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October 2023

Black Angels: The Nurses Who Cured Tuberculosis

October 4 @ 3:00 pm - 6:00 pm

Not unlike the recent COVID epidemic, TB or tuberculosis raged across the United States, killing over 5 million Americans in the early 20th century. Fearing a public health crisis in New York City, in 1929, officials made a call for Black nurses seeking to work on the front lines and promising them good pay and an escape from Jim Crow. The Black Angels follows the intrepid women who risked their lives caring for the city’s poorest—1,800 patients at Staten Island’s Sea View Hospital—and aided in the 1951 clinical trial of a breakthrough tuberculosis treatment.

About the Speakers
Author Maria Smilios chronicles the voices of these extraordinary women in "The Black Angels: The Untold Story of the Nurses Who Helped Cure Tuberculosis" (G. P. Putnam’s Sons; on sale: Sept. 19, 2023). Smilios has a Masters of Arts from Boston University in Religion & Literature where she was a Henry Luce Scholar. She worked as Development Editor in the Biomedical Sciences at Springer Science & Media. She has written for The Guardian, American Nurse, and The Jewish Daily Forward among others.

Virginia Allen worked as a nurse at Sea View Hospital (1947-57), is a volunteer at the Schomburg Center and many other not-for-profits, and is a 2005 Staten Island Woman of Achievement.

This event is made possible by the NetVUE Saga Grant and the Lily Foundation, and is in honor of the 80th anniversary of the Evelyn L. Spiro School of Nursing.

Art produced by women prisoners in Auschwitz

October 16 @ 1:30 pm - 2:30 pm

Join Dr. Laura Morowitz's AH310 class as we host a guest lecture by Bozena Karwowska, Professor, Department of Central, Eastern and Northern European Studies and Chair of Modern European Studies, the University of British Columbia.

About the Lecture
Art created in Auschwitz is an important testimony of prisoners’ experience of the camp; it is a source of valuable information about many aspects of the camp. There are also interesting differences between art created by male and female prisoners, in large measure related to them occupying different spaces of the camp complex, but also due to the arrival of the first women only after two years of the camp’s existence. This talk will discuss the art created in Auschwitz (official and “forbidden”) with a special focus on women as both artists and subjects, their roles, and how these are relayed through their painted, drawn and written testimonies.

About Dr. Karwowska
Dr. Karwowska is the author of a study of Polish literature of the Holocaust, with a particular focus on the first hand testimonies written immediately after the war, Gender, Sexuality, Concentration Camps (Krakow University, 2009). Her 2013 book, Second Sex in Exile. Migration in Narratives by Polish Postwar Female Writers, was nominated for Jan Kochanowski Prize for the best book on Polish literature and culture.

This event is co-sponsored by the Wagner College Holocaust Center. For Zoom link email holocaust.center@wagner.edu.

Rescue in Rwanda

October 17 @ 1:00 pm - 2:30 pm
Foundation Hall Manzulli Board Room

Jennie E. Burnett, Director of the Institute for Women’s, Gender, and Sexuality Studies, associate professor in the Department of Anthropology at Georgia State University presents research from her new book, To Save Heaven and Earth: Rescue in the Rwandan Genocide, Cornell University Press, 2023, joined by Providence Umugwaneza, Survivor of the Genocide against the Tutsi, author Next Couple Hours.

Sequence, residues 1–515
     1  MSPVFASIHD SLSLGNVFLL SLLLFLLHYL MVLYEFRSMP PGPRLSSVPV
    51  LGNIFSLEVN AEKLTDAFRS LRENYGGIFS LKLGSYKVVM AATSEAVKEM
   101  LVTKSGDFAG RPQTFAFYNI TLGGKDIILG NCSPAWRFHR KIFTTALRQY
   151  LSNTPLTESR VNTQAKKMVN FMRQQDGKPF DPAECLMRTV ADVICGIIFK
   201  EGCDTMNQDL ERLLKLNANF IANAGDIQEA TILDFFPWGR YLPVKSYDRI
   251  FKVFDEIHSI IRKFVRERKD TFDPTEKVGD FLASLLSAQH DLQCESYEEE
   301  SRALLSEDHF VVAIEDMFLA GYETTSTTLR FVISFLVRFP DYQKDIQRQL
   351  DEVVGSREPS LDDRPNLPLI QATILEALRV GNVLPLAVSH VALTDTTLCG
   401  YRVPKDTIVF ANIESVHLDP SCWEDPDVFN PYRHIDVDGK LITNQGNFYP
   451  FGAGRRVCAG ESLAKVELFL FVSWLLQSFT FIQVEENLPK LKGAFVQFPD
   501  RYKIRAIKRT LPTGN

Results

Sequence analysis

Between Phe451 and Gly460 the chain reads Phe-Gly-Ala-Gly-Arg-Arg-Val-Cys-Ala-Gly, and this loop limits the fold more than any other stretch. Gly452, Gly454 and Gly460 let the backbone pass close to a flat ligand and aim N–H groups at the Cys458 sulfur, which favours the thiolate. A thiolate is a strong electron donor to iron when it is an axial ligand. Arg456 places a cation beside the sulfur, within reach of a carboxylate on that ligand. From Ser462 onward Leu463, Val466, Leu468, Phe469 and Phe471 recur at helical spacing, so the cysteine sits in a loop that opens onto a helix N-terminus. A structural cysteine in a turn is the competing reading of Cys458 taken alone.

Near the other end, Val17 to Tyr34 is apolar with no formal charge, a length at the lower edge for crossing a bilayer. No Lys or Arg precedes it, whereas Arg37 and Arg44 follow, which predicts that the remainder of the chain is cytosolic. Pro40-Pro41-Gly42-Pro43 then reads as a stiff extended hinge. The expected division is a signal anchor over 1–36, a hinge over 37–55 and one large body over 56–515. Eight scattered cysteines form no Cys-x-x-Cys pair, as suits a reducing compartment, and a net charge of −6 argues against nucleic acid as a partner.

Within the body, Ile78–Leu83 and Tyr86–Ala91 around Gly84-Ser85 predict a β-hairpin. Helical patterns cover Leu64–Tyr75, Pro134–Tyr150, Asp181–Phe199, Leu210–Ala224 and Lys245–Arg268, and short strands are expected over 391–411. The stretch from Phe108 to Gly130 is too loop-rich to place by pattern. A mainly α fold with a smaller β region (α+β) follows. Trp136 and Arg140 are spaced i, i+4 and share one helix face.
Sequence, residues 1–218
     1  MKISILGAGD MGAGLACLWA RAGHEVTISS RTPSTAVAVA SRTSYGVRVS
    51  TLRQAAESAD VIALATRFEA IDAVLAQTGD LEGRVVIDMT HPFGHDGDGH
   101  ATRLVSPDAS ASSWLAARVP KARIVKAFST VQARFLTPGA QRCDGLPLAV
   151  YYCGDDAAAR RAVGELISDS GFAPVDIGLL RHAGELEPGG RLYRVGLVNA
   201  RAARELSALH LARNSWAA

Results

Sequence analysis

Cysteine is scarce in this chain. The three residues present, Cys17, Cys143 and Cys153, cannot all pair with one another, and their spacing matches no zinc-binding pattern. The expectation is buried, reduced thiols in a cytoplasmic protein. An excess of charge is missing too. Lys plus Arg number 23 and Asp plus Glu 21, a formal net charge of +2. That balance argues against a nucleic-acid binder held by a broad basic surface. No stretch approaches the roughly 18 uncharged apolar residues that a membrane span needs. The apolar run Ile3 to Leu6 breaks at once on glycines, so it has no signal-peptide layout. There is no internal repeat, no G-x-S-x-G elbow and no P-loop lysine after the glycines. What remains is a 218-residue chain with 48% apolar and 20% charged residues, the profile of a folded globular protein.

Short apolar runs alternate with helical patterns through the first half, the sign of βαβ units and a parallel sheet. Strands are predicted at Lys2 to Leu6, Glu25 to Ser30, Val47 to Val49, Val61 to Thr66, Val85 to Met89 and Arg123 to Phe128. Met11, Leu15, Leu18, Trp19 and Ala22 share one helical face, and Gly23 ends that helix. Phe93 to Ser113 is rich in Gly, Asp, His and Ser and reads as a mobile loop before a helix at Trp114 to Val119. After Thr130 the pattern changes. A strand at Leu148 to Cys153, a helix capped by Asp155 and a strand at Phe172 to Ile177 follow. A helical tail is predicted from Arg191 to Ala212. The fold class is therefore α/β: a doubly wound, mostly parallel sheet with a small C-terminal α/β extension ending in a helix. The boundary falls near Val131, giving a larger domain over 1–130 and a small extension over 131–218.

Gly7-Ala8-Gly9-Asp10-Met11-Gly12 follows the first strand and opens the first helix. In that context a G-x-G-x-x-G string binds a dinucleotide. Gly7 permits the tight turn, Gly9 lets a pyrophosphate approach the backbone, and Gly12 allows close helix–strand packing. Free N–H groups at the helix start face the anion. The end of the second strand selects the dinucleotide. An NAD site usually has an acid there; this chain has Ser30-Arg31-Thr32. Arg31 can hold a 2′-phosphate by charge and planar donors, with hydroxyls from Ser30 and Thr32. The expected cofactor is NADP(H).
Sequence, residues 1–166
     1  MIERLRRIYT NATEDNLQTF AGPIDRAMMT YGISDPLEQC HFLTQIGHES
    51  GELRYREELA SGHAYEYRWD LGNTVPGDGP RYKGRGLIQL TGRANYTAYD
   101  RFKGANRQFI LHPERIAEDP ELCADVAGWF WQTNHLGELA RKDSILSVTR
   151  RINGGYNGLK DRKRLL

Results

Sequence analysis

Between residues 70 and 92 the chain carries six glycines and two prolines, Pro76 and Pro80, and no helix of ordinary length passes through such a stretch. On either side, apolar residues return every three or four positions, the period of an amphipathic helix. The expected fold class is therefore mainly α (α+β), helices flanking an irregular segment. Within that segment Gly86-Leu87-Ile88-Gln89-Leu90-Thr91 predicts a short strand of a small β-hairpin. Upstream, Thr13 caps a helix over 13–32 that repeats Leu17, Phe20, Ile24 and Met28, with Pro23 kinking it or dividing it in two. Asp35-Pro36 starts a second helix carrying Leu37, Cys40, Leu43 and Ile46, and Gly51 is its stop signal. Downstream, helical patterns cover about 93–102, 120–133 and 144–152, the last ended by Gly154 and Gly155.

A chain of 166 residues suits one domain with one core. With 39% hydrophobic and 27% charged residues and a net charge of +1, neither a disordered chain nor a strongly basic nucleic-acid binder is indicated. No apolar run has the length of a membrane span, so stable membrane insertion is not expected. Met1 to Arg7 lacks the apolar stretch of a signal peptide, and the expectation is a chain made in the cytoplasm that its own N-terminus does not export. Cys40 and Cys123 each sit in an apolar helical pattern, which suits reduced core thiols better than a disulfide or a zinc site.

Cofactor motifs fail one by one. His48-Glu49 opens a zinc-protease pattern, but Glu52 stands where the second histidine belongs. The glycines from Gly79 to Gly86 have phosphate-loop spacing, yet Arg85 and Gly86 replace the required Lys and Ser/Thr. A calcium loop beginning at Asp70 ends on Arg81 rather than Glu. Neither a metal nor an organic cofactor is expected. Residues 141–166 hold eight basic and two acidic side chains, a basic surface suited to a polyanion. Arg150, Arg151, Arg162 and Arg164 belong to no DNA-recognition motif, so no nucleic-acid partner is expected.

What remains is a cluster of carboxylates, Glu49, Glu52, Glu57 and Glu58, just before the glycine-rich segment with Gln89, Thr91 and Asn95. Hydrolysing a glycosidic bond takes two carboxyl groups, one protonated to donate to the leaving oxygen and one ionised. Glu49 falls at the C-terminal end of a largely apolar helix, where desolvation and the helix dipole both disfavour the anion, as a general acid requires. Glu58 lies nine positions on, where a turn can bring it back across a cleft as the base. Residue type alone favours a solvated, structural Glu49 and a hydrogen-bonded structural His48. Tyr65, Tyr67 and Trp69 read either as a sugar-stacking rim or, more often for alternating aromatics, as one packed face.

Guests can attend in person in Manzulli Board Room or vitually via Zoom. Email the Holocaust Center at holocaust.center@wagner.edu for Zoom link.

November 2023

Art, Exhibition and Erasure in Nazi Vienna

November 1 @ 1:30 pm - 2:30 pm

Dr. Laura Morowitz, Professor of Art History at Wagner College and Senior Research and Programming Director of the Wagner College Holocaust Center will discuss her newly published book, Art, Exhibition and Erasure in Nazi Vienna (Routledge 2023). Her book examines three exhibitions of contemporary art held at the Vienna Künstlerhaus during the period of National Socialist rule and shows how each attempted to culturally erase elements vilified in Nazi ideology: the City, the Jewess and fin-de-siècle Vienna. Each of the exhibits was large scale and ambitious, part of a broader attempt to situate Vienna as the cultural capital of the Reich, and each aimed to reshape cultural memory and rewrite history.

This event will take place via Zoom. Email the Holocaust Center at holocaust.center@wagner.edu for link.

Albanian Muslims role in assisting Jews during the Holocaust

November 2 @ 11:30 am - 12:30 pm

Mr. Leo Ullman will present his experiences of hiding in Amsterdam as a child during the Holocaust and how a Muslim businessman helped his family, based on his book, 796 Days and a film, “There Were Good People Doing Extraordinary Deeds: The Leo Ullman Story.”

Mr. Ullman has a distinguished career as a lawyer and real estate entrepreneur and serves as Chairman of the Foundation for the National Holocaust Museum in Amsterdam, Inc. Imam Tahir Kukaj will make welcome remarks focusing on BESA, the Rescue of Jews by Albanian Muslims in the Holocaust. Dr. Lori Weintrob, Director, Wagner College Holocaust Center, will introduce the program.

Event will take place at the Albanian-Islamic Cultural Center located at 307 Victory Blvd.

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